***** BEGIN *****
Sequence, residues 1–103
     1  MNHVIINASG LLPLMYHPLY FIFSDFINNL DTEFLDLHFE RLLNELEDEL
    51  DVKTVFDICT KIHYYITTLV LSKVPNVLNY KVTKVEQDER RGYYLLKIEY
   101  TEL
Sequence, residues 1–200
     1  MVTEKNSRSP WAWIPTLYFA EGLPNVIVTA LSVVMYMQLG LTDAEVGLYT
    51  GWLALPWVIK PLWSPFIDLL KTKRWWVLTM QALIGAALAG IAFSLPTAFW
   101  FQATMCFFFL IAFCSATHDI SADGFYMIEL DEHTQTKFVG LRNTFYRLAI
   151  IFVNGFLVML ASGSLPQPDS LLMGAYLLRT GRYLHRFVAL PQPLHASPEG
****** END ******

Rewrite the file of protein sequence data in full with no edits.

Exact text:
Sequence, residues 1–103
     1  MNHVIINASG LLPLMYHPLY FIFSDFINNL DTEFLDLHFE RLLNELEDEL
    51  DVKTVFDICT KIHYYITTLV LSKVPNVLNY KVTKVEQDER RGYYLLKIEY
   101  TEL
Sequence, residues 1–200
     1  MVTEKNSRSP WAWIPTLYFA EGLPNVIVTA LSVVMYMQLG LTDAEVGLYT
    51  GWLALPWVIK PLWSPFIDLL KTKRWWVLTM QALIGAALAG IAFSLPTAFW
   101  FQATMCFFFL IAFCSATHDI SADGFYMIEL DEHTQTKFVG LRNTFYRLAI
   151  IFVNGFLVML ASGSLPQPDS LLMGAYLLRT GRYLHRFVAL PQPLHASPEG